Meanwhile, financial support for antibacterial R&D has brought smaller R&D-focused enterprises and biotechs into the field. These companies have some of the most innovative medicines in development, such as ridinilazole from Summit, which targets C. difficile. However, such companies can normally only take on the earlier stages of development and lack of investment to progress the candidates has meant that projects are stalling and not getting to the market.
“This second Benchmark provides a reality check. The progress we see is being overshadowed by our increasing reliance on just a handful of companies. We can’t take their commitment for granted. It is not too late to prevent irreparable damage to the global supply of antibiotic medicines and vaccines,” says Iyer.
Findings in brief
Antibiotics are not being made widely available in low- and middle-income countries through registration filings or supply strategies: only three of the 13 on-patent antibiotics in this analysis are filed for sales registration in more than 10 of the 102 countries where better access is urgently needed; and when it comes to older, but still useful, antibiotics, companies are supplying just 14 of 30 so-called “forgotten” antibiotics to low-income countries.
10 companies are either decoupling bonuses from sales volumes or refraining from deploying sales agents for antimicrobials. This compares with five companies in 2018. One company (Teva) sets a new best practice by not having a sales force to promote any of its antibacterial or antifungal medicines. By decoupling bonuses from sales volumes, or not using sales staff, companies mitigate against overselling antibiotics and driving resistance.
A new standard has also been set when it comes to companies sharing what they know about the spread of resistance, with Pfizer becoming the first to share raw data from a surveillance programme in an open-access online register. Hospitals and governments need to know where resistance is developing so they can adapt treatment guidelines.
Since 2018, a few more clinical-stage antibiotics are supported by plans to ensure better access and good stewardship soon after launch: eight candidates out of 32, compared with two out of 28 in 2018 (25% up from 7%). However, the development of such plans remains patchy. Planning ahead while R&D projects are in clinical development accelerates access and stewardship for successful candidates after launch.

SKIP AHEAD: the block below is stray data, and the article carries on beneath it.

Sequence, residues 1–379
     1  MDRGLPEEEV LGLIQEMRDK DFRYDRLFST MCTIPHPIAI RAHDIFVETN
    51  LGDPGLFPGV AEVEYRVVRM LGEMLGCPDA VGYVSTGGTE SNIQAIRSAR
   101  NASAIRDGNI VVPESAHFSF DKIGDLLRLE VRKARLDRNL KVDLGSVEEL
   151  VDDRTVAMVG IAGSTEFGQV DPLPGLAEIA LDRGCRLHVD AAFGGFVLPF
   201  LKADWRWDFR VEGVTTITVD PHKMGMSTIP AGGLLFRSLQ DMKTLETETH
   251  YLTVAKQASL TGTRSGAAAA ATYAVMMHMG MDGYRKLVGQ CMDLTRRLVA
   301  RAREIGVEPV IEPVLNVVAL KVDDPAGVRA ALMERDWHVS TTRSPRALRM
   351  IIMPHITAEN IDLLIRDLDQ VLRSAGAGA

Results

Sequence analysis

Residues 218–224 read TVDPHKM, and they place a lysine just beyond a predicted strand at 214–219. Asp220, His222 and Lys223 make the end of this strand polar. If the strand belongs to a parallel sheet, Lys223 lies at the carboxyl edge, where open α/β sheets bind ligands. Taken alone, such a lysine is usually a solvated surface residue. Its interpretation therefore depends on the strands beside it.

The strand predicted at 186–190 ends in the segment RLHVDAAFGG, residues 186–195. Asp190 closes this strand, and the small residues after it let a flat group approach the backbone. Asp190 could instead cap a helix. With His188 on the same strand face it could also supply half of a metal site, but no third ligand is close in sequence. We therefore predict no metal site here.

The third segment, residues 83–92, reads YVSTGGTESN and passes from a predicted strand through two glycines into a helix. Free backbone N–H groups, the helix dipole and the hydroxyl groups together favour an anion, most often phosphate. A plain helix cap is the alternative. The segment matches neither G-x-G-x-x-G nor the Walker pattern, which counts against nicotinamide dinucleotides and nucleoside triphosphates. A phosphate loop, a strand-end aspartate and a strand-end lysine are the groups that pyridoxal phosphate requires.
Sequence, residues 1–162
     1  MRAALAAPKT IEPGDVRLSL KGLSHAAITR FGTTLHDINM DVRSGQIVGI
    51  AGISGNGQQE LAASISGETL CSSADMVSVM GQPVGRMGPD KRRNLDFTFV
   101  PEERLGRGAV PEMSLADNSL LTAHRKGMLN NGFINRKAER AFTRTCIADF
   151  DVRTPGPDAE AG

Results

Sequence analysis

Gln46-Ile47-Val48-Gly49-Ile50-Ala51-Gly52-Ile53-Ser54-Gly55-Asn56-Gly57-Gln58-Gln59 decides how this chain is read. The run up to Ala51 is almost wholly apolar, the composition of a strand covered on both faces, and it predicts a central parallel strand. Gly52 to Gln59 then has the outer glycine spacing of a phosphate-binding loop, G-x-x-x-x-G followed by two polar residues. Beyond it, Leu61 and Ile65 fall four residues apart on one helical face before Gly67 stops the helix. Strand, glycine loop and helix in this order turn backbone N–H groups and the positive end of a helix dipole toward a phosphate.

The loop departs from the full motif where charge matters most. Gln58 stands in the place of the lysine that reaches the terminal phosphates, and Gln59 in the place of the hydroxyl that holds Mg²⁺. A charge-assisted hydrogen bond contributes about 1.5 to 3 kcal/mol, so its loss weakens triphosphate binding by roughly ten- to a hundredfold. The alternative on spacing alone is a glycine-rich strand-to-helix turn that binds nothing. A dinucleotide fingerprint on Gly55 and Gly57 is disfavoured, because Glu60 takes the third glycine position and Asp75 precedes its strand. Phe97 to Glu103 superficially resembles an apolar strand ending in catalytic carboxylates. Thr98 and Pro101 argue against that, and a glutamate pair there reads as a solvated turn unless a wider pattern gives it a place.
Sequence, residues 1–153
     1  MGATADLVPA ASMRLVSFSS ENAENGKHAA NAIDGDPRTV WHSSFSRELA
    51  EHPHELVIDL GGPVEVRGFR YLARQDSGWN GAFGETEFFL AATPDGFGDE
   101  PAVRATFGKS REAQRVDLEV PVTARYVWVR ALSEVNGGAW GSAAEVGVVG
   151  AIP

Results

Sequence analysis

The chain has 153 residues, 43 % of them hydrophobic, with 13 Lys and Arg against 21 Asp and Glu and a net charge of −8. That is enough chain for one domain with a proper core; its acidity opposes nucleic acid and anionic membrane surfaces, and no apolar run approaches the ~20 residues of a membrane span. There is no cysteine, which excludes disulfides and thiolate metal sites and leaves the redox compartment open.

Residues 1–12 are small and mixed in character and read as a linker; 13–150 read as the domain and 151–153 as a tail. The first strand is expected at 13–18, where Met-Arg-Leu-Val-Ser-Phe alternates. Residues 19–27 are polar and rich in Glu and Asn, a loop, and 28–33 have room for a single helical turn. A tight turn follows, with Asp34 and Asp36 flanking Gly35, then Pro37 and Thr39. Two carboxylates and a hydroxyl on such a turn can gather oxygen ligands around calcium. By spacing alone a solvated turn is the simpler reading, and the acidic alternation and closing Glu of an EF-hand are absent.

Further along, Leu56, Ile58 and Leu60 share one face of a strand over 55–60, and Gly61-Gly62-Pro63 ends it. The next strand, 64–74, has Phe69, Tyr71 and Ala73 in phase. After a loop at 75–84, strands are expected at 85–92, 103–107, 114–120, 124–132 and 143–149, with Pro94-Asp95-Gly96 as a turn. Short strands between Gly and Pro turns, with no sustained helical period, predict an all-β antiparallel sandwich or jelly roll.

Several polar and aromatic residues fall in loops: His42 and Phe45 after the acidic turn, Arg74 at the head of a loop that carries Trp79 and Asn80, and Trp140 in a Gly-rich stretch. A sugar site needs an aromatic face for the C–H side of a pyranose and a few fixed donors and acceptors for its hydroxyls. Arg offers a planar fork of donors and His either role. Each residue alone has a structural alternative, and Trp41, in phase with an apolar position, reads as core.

Companies’ environmental risk-management strategies for minimising the impact of their manufacturing processes on resistance are more comprehensive than in 2018. Most companies are now requiring third-party suppliers to meet comparable standards. Releasing manufacturing waste into the environment can contribute to AMR, as bacteria present in water and soil are exposed to antibacterial ingredients, which can trigger the emergence or selection of resistance genes.
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Media materials: The related data points, graphs and figures in the report are available upon request.
About the Antimicrobial Resistance Benchmark The Access to Medicine Foundation, which publishes the AMR Benchmark, is an independent non-profit organisation based in the Netherlands. It aims to advance access to medicine in low- and middle-income countries by stimulating and guiding the pharmaceutical industry to play a greater role in improving access to medicine. The 2020 AMR Benchmark covers 19 indicators across three areas of measurement: Research & Development; Responsible Manufacturing; and Appropriate Access & Stewardship. The AMR Benchmark methodology is defined through a targeted review of stakeholder expectations of pharma in limiting antimicrobial resistance, with input from international organisations, governments, NGOs, research centres and other initiatives addressing AMR. The AMR Benchmark is funded by UK AID and the Netherlands Ministry of Health, Welfare and Sport.